The EU leaders and the leaders of Hungary and Poland live in different realities. It just follows that what the EU can do is not to reverse the changes, not even to improve the already lost judicial independence or increase compliance with the rule of law and human rights commitments. Rather, revising procedures, strengthening the protection of the values of the EU, and trying to increase their enforceability are forward-looking, aimed at preventing the rise of future-to-be autocratic leaders. This being said, as I have argued elsewhere 24 , I do not see how even these new political and legal mechanisms could help if these future-to-be autocratic leaders do follow the Polish (and Hungarian) example: gradually transforming their systems through (formal and) informal constitutional changes, based on democratic legitimacy won in (the first) fair and competitive and free election(s); abusively invoking national sovereignty arguments (or their constitutional identity) at both political and legal levels; maintaining their support with right-wing populistic rhetoric; always being one step ahead of the reactions to their wrongdoings. 

Moreover, political measures coming from the EU would be counterproductive. These would be decried as attacks from Brussels and would trigger more severe defenses relying on national sovereignty or constitutional identity narratives (as it happened in the EU-Polish “dialogue” on the judicial reform). Legal measures would be ineffective, too: the “value-oriented” EU law infringements will not be rectified by these governments but could result in the same political response: non-compliance and pushing the limits even further. 

Economic measures could help but we lack meaningful precedents in this area – maybe the daily penalty Poland must pay for non-compliance will inform us about the efficiency of this kind of measure. As for the Rule of Law conditionality mechanism 25 , the original plan has been softened, and especially the Hungarian government has other resources, e.g., Chinese financing and governmental bonds – insofar as the government only cares about its short term goals and the enrichment of oligarchs rather than long-term well-being.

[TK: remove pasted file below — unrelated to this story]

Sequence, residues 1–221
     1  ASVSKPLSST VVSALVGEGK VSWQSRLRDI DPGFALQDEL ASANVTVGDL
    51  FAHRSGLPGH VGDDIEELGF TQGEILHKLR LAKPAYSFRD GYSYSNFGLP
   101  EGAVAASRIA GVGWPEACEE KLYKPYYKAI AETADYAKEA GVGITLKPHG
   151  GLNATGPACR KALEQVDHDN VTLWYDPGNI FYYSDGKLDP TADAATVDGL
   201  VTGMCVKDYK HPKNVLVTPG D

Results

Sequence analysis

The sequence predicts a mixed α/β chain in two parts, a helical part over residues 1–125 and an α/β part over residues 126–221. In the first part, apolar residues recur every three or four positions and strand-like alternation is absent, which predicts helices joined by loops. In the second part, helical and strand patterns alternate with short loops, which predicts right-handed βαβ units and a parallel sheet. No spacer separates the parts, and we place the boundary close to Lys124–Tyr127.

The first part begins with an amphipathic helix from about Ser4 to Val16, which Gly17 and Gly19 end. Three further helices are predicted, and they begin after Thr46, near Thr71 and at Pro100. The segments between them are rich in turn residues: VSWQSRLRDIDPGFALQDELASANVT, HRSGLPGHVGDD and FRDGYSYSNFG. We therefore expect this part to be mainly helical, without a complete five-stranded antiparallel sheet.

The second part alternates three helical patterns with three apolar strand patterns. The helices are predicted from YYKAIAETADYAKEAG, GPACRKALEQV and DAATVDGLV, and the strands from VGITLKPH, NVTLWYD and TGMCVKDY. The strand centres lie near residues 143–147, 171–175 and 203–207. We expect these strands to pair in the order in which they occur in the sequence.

A more effective way constitutionalists could contribute to the fight against even more illiberalization and autocratization of Hungary and Poland would be to help the resilient factors within these countries so that Hungarians and Poles could help themselves. For that, a more Western-oriented identity and value-orientation of the voters should prevail in the next election, even if society, to a certain extent, has gotten used to or even welcomes governments’ illiberal visions. There seems to be a powerful discontent about the Polish abortion decision 26 and the Hungarian anti-LGBTQ law 27 , which brought people to the streets. Tusk returns to Polish politics, and Hungarian opposition is more than less united and, according to the latest polls, half of the voters supports them 28 , regardless of how Fidesz tries to divide them, for instance over the anti-LGBTQ law. Nevertheless, Hungarians, as of the end of September 2021, have not yet seen a coherent program of how exactly the opposition wishes to govern and exactly what they have to offer to the people (besides that they want Orbán out) if they won the election next Spring – in a way, that is acceptable in a constitutional democracy. 

However, as already explained, we should also be realistic: reformed mechanisms at the EU level could only be helpful against those who feel like following the example of Hungary and Poland if they are caught “red-handed” during their very first actions against EU values and principles – the determination of which is not only challenging but tricky, too. 

IV. Instead of conclusion: lessons learned